Around this time last year, Bath hosted their literature festival and it passed me by pretty much unnoticed until the last few events. Obviously by that point everything had sold out, and I was pretty gutted to have missed out, especially when I discovered there had been a talk by Shaun Usher, the man responsible for the amazing ‘Letters of Note’ book that sits in pride of place on my bookshelf. Anyway, this year I was determined that history would not be repeated.
I opted to go and see two of the events (almost three but my partner in crime was away for Omid Djalili’s evening!). The first of these was The Secret History of the American Dream by Sarah Churchwell. I was unfamiliar with her work, although by the end of the talk I wasn’t quite sure why I hadn’t already heard of her, and the idea behind the talk completely sold me. Maybe it’s the use of the word secret that drew me in, but as half of my degree is in American Literature, I just had to hear more about the origins of the American Dream, and it was astonishing to learn how it has become a warped version of its initial usage.
It was also interesting to learn that while we all probably assume it stems back to America’s early days, it is in fact much newer than that. It stands for many things, ideas like opportunity, but it was never intended to signify billionaire status, massive houses – the materialistic side of success.
Churchwell has also published a book called ‘Careless People: Murder, Mayhem and the Invention of the Great Gatsby’. As soon as someone says the word Gatsby, my eyes light up and they have my full attention, and it’s hardly surprising that ideas on ‘the American Dream’ can be linked to Scott Fitzgerald’s classic. The fact that Churchwell was such an engaging and funny speaker, as well as quite obviously being very intelligent, further persuaded me that this is a book I need to read, and it’s already found its way onto my reading list.
The second event I went to was an interview with David Nicholls, author of ‘Starter For Ten,’ ‘One Day’ and, most recently, ‘Us.’ I have to admit that I haven’t actually ever read any of Nicholls work. I’ve seen the film adaptation of ‘One Day’ and liked it, but I definitely seem to be in the minority after the provocative comments made by Viv Groskop showed that his fans really didn’t warm to the movie.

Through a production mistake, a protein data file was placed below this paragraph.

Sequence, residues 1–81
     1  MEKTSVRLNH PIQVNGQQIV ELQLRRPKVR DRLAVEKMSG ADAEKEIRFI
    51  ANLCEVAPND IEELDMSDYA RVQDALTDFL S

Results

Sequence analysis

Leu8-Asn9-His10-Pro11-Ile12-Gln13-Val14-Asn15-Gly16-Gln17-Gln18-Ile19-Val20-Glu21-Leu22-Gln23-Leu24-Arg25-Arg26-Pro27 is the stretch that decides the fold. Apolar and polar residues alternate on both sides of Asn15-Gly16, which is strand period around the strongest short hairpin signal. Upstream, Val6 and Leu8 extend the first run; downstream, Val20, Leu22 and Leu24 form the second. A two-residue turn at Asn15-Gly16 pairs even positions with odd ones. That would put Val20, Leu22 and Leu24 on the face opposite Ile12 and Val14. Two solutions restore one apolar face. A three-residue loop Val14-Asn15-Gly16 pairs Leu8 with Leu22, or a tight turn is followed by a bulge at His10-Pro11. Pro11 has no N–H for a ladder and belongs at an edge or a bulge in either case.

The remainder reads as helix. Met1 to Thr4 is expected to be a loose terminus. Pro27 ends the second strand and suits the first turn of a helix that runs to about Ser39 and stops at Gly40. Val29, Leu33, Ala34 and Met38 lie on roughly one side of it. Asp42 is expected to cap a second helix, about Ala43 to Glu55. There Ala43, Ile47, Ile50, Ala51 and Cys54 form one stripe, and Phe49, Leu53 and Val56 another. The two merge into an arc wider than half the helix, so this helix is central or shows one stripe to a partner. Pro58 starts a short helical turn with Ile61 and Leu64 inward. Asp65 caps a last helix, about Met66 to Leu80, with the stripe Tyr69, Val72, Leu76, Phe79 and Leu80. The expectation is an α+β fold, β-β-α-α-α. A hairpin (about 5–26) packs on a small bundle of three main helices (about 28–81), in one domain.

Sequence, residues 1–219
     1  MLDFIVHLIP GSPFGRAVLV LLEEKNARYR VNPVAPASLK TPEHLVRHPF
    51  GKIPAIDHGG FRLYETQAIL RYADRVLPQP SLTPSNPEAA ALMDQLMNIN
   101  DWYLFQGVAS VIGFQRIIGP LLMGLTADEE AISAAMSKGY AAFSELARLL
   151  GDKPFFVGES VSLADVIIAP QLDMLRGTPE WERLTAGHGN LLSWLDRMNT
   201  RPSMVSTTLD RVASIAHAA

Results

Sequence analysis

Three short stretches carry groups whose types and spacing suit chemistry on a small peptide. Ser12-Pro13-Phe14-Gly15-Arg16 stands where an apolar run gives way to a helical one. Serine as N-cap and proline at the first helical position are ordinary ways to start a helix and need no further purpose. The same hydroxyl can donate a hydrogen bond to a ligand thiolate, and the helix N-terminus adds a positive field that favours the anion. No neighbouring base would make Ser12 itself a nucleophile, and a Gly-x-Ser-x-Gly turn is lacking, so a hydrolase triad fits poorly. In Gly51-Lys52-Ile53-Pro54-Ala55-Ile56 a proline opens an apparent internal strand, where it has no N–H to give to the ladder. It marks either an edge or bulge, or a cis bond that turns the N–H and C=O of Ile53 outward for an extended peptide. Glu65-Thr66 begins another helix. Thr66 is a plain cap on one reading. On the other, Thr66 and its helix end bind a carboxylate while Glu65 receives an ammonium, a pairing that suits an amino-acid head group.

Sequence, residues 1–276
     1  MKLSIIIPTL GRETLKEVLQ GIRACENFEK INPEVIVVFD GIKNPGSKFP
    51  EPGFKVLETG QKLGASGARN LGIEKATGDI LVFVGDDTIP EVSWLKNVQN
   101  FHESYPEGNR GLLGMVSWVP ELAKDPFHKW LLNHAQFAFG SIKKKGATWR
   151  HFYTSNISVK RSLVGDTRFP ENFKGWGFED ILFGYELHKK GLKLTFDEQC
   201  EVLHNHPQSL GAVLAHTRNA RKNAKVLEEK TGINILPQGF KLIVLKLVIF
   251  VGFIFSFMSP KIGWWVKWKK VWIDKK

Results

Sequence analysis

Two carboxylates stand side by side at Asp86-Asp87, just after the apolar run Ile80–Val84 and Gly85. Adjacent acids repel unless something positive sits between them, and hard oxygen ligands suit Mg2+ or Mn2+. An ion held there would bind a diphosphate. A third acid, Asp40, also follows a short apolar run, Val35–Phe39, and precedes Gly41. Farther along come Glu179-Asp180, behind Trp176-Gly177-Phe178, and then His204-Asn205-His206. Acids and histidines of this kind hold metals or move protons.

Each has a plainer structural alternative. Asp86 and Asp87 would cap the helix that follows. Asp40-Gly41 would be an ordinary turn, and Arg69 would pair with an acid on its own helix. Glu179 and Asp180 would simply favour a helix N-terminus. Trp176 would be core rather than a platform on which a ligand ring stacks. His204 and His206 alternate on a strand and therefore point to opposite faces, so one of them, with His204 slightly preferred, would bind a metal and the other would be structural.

I wasn’t really sure what to expect, was even a little apprehensive about the thought of sitting for an hour listening to an author I knew next to nothing about, but I needn’t have been. Nicholls was charming, humble, funny, and incredibly modest. He even labelled himself as ‘boring’ several times, but as he recounted his days of trying to make it as an actor, nothing could have been further from the truth.
He also didn’t shy away from the difficult questions that were thrown at him. He admitted that he should have left the adaptation of ‘One Day’ to someone who was less emotionally attached to the novel, and he also thought long and hard about the idea that he had achieved such great success in his genre not for the quality of his work, but because he is a male writer. Viv Groskop did make an interesting point here – if a woman were to write the sorts of books Nicholls finds himself creating, she may very well be dismissed for writing ‘chick lit’. He wholeheartedly agreed that this could be the case, and he tussled with wanting to defend female writers and friends of his with recognising that this maybe wasn’t entirely his fight. You can read more about this particular question raised here; it’s definitely something I hadn’t thought that much about before the talk but is now something I’m doing some research on.
I really enjoyed both events I went to and found myself wishing that I could have gone to more – there’s always next year!
Did any of you go to the festival? Are any of you familiar with Sarah Churchwell’s work, or can you recommend which of David Nicholls’ books I should start with? I’m always keen to hear your thoughts.